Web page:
Dateline: Mitchell, Oregon, Sept. 15, Day 10

I am aweary this evening.

But I tromped again today to the back of the outback and did another medium sized painting (18 x 24).¬† I also worked some more on yesterday’s painting from that same spot.

So here is the photo of the space I concentrated on today:

And here’s the 18 x 24″ painting:

JOU, Foliage in the Painted Hills Outback, 18 x 24″, oil on masonite

And here’s draft 2 of yesterday’s attempt:

JOU, The Painted Hills, Juniper and Sage, 24 x 18″, oil on masonite

Today I was startled by my sense of the sensuality of the hills. I arrived relatively early on the site, having hiked through the sagebrush to reach the tree where I left my gear. I sat on my painting stool, contemplating the hills while being immersed in the  dusty sage-and-juniper scents. And I suspect that those moments of sensation were what lingered when I picked up my brush.

Painting the hills here is like painting flesh. I once painted these formations as great lumbering beasts, emerging from the earth. This time they felt to me like slumbering flesh, full of mysterious shadings and crevices made for laying on of hands. It was a delight to work on that feeling, and it’s almost certainly one I can continue to enhance when I get home.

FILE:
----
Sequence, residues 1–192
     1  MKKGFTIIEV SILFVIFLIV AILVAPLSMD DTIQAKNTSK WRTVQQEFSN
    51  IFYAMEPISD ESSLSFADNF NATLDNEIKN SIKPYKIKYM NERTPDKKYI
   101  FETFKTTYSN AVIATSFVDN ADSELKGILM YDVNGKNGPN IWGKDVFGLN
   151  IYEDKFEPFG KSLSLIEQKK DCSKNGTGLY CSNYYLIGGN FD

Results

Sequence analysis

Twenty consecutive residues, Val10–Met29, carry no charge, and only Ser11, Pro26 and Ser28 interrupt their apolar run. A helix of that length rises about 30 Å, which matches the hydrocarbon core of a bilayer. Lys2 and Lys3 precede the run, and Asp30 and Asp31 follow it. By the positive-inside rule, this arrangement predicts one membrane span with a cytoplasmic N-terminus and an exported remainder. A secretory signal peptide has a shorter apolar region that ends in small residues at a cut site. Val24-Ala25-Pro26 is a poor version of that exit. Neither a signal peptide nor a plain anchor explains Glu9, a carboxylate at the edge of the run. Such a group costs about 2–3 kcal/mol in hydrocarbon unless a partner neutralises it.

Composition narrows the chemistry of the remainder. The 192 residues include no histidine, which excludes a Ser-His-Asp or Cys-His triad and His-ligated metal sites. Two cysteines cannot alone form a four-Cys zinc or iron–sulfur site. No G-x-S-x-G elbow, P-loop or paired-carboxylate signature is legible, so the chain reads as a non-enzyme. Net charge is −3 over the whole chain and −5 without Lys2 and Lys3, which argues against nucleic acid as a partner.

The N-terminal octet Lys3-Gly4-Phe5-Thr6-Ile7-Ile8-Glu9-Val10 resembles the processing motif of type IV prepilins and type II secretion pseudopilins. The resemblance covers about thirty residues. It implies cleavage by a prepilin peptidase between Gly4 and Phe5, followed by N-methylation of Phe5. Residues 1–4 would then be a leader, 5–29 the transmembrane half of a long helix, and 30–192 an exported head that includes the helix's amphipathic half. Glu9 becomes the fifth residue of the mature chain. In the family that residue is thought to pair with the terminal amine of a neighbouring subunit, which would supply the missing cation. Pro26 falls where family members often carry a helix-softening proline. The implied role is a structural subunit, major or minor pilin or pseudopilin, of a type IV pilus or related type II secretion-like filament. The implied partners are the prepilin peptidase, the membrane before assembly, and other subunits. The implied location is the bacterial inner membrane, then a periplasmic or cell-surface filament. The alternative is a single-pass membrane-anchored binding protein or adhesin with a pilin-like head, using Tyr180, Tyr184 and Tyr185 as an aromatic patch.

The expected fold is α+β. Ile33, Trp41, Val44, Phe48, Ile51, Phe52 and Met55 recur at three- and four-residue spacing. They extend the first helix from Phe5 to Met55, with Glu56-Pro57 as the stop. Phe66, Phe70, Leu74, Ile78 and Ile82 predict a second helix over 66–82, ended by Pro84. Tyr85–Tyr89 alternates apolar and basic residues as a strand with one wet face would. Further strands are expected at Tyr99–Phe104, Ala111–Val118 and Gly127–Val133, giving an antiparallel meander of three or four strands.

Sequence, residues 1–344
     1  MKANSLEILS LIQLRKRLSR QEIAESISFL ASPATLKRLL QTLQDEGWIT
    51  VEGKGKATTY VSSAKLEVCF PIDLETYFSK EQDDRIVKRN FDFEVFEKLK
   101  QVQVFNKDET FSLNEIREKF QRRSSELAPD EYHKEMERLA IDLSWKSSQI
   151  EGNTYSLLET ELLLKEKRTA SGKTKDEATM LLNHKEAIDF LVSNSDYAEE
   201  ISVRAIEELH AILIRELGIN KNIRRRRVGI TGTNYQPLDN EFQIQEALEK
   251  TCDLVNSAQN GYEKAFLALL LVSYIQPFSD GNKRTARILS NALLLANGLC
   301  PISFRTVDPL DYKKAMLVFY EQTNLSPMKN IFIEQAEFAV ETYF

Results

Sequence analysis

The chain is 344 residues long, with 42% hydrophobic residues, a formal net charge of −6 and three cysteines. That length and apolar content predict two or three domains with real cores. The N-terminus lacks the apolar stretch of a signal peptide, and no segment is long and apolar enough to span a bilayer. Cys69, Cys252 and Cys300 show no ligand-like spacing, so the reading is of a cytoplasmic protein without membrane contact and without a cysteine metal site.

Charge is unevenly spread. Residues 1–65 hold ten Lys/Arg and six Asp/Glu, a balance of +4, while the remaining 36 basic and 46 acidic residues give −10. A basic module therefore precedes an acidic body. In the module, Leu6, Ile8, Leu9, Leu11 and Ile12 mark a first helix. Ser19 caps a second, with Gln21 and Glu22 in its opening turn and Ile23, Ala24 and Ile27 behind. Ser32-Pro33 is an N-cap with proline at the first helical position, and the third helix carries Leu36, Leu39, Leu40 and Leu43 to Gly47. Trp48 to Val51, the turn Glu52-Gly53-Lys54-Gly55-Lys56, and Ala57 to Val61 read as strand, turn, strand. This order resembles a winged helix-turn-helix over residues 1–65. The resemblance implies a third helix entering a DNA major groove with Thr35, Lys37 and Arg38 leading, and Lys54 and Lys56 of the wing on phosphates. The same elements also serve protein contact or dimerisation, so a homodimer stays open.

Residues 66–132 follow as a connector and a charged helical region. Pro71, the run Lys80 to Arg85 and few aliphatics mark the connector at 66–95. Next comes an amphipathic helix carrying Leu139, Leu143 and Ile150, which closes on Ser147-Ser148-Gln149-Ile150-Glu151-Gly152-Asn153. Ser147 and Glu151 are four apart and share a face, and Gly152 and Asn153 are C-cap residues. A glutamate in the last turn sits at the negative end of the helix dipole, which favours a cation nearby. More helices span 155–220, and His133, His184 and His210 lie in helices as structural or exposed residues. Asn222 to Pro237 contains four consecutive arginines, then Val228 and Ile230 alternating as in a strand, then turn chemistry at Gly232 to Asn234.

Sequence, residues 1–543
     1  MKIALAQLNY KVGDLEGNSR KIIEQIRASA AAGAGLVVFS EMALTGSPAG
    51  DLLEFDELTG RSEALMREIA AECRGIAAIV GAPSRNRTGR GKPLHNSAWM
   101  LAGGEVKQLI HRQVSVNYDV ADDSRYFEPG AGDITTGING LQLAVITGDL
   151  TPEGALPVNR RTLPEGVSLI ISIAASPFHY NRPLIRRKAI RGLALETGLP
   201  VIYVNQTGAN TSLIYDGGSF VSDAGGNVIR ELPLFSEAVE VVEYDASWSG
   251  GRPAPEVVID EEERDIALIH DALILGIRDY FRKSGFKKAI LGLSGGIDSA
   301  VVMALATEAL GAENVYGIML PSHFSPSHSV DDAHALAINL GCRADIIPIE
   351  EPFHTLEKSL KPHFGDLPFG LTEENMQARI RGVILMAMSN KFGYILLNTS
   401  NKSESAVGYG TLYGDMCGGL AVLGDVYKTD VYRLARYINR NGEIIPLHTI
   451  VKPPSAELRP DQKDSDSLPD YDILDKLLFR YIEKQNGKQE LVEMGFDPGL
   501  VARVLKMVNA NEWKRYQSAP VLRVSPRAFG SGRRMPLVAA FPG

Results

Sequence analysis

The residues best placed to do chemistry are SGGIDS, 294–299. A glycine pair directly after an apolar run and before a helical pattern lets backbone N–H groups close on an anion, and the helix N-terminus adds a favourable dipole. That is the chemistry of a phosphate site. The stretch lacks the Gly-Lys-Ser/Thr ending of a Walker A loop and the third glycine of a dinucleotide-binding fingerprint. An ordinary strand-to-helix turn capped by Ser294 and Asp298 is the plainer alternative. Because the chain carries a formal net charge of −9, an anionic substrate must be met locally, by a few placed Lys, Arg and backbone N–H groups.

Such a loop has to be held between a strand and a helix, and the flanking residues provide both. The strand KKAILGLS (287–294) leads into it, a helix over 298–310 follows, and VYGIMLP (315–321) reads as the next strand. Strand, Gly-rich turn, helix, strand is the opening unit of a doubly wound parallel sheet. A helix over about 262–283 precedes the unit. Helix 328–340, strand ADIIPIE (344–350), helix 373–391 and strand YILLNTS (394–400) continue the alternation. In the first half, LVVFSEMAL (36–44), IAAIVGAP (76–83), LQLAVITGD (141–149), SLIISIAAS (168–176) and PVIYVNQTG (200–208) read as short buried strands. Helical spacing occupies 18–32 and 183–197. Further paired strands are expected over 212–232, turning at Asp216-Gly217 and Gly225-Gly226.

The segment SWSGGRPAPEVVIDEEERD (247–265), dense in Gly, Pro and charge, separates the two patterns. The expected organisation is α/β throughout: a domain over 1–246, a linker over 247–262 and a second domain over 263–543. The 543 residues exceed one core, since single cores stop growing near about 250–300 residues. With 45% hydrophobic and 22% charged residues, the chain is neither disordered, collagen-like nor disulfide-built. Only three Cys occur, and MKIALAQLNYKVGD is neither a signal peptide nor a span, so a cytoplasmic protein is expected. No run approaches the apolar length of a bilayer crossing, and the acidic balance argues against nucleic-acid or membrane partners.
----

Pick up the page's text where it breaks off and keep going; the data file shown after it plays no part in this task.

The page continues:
Even though I have four more days to paint, this may be the next-to-last entry of this residency journal. The last will come after I have returned home, have re-worked various paintings, and have photographed them under proper light. I have some¬† more small boards to work on here, on-site, so it’s possible there will be more paintings to come in the next four days.

However, the residencies, even this unofficial one, are exhausting for me. They have a lot of drawbacks — bad internet connections, strange beds, bad food, unfamiliar surrounds, someone else’s kitchen and furniture. Seeking out the best painting spots, dragging the cart, setting up the gear in the wind and sun, painting while thirsty and hot and dusty, and then taking all the gear down and packing it away to drive back home — well, it wears me out.

Of course, the residencies have all the seductive reasons for doing them — new territory to explore and comprehend, new visions for painterly working, new excitement and feelings of being totally alive to place and space, to sun and wind, to sagebrush and rabbitbrush and cactus and mountains ranges and iron oxidation which produce unreproducible color. I can’t speak for other artists, but the residencies, even when the results are not up to my standards, produce more and more thinking about what I’m trying for, where I fail, when and how I sometimes succeed, and what I want to continue with.